As far as civic jingles go, “Knoxville, That’s My Hometown!” is not the most original. Most probably first recorded in the mid-’60s, its lyrics may be all Knoxville (“We’re proud of the Dulin Gallery, Blount Mansion, the Coliseum, too/The UT Vols, the Knoxville Knights, just to name a few”), but its bouncy rhythms were duplicated in city after city. Programming and Music Services Jingles of Dallas sold the exact same song with different lyrics to businesses around the country that needed city jingles for promotional gimmicks—Knoxville’s 45 was apparently distributed by Elm Hill Meats.
“Knoxville, That’s My Hometown!” was all but forgotten decades ago—but now it’s back in all-new versions by local musicians, courtesy of WBIR.
The station’s former director of marketing, Jules Morris, was attending a Leadership Knoxville class this past year when Bradley Reeves of the Tennessee Archive of Moving Image and Sound presented a video that the archive had produced, matching up the 45 recording to a selection of related archival clips.
“I heard it and found myself bobbing my head to the tune and then humming it after the session,” Morris says. “It was a catchy tune, about things that were mostly familiar to me, and had a pride-of-place vibe that I really loved. It screamed ‘We love Knoxville’ and WBIR is certainly proud of our heritage and home.”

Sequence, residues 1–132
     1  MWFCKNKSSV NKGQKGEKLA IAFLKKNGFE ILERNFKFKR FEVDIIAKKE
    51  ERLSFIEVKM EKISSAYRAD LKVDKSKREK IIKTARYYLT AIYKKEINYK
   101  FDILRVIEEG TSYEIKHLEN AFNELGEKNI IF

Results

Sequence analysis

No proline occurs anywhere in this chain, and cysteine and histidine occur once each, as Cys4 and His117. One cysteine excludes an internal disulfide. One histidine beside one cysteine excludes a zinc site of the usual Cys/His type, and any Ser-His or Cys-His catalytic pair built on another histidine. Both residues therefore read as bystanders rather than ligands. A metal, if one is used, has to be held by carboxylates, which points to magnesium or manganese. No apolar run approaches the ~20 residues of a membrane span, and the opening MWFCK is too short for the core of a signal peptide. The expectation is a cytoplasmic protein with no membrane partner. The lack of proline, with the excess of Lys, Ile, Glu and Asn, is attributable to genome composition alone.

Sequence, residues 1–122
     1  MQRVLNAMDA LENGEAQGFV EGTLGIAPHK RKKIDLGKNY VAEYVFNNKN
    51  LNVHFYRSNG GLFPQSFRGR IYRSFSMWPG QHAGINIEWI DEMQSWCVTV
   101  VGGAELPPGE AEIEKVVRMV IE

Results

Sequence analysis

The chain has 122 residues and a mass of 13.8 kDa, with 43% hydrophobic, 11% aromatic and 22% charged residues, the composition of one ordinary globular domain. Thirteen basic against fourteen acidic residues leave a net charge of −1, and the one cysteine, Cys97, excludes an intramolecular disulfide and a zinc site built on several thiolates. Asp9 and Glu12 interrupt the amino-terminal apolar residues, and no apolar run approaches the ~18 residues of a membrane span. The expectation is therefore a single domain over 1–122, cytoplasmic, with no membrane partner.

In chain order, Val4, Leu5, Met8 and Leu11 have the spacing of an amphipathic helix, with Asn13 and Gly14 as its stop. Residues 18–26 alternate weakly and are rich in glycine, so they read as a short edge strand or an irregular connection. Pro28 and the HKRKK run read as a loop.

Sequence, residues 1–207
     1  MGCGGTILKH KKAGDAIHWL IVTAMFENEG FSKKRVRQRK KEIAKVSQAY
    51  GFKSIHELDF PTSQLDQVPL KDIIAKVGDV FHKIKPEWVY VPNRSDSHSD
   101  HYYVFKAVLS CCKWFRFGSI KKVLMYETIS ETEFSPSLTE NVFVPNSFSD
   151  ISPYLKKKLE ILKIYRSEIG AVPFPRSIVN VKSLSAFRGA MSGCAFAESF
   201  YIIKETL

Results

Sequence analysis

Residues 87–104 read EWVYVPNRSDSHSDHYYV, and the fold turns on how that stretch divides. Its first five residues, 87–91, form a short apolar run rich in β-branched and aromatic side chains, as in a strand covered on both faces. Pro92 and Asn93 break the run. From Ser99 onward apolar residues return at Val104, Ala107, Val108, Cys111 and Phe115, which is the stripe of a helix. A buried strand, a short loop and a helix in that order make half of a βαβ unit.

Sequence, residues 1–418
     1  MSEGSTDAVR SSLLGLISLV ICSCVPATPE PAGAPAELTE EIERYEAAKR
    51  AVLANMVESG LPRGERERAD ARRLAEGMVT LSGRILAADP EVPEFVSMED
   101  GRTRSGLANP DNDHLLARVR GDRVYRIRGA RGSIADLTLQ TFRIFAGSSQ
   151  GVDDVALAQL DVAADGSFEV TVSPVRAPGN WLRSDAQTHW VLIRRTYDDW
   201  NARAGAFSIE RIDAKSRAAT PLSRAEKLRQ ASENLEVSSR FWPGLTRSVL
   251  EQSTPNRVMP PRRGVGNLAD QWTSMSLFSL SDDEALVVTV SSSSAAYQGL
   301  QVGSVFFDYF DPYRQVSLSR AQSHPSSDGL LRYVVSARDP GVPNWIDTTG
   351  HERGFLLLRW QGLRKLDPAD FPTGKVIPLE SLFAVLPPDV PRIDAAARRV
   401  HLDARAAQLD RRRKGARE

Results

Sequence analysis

Thus, a series of promotional videos was born—but instead of just covering “Knoxville, That’s My Hometown!” Morris and former WBIR senior producer Carson Hunt (now at JAO Productions) asked local musicians to reinterpret the song with their own lyrics. “We brainstormed a list of musicians that just said ‘Knoxville’ to us—from local icons to up-and-coming talent,” she says. Thus, a collection of Knoxville all-stars were recorded at the Square Room singing their own personal praises to their hometown: the Black Lillies, R.B. Morris, Kelle Jolley and the Soul Sax Trio, and the cowboy power trio of Marshal Andy, Todd Steed, and Jeff Bills.
Of course, Steed is an old hand at writing songs about Knoxville, but in this case he pleads writer’s block: “I did several drafts that didn’t seem to work me for me or anyone else. Marshal Andy actually did most of the rewrite. He’s got the touch.
“But seriously, I was honored to be asked since it could be argued I am an occasional embarrassment to Knoxville. It was also a great chance for me to finally justify the purchase of the cowboy shirt.”
Jules Morris, who recently left WBIR to start her own ad/PR agency BOMBDIGGITY, won’t admit to having a favorite version, but she does confess to singing along with one more often. “I honestly love them all for different reasons,” she says. “I do, however, find myself singing R.B. Morris’ version in the car—‘It’s a pretty little town at the foot of the mountain where the Tennessee River flows.’”
The performances are available to watch at youtube.com/user/WBIRTV.